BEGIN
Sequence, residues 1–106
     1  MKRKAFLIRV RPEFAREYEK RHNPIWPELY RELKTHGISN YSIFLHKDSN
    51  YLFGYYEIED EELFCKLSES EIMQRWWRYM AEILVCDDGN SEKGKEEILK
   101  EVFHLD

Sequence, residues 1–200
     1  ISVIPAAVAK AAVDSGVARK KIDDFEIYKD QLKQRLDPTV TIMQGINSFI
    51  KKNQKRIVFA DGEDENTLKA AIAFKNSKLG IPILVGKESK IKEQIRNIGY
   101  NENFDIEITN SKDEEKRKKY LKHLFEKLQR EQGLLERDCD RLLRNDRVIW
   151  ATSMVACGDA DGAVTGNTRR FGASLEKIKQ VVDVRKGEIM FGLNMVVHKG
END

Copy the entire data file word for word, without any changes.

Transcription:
Sequence, residues 1–106
     1  MKRKAFLIRV RPEFAREYEK RHNPIWPELY RELKTHGISN YSIFLHKDSN
    51  YLFGYYEIED EELFCKLSES EIMQRWWRYM AEILVCDDGN SEKGKEEILK
   101  EVFHLD

Sequence, residues 1–200
     1  ISVIPAAVAK AAVDSGVARK KIDDFEIYKD QLKQRLDPTV TIMQGINSFI
    51  KKNQKRIVFA DGEDENTLKA AIAFKNSKLG IPILVGKESK IKEQIRNIGY
   101  NENFDIEITN SKDEEKRKKY LKHLFEKLQR EQGLLERDCD RLLRNDRVIW
   151  ATSMVACGDA DGAVTGNTRR FGASLEKIKQ VVDVRKGEIM FGLNMVVHKG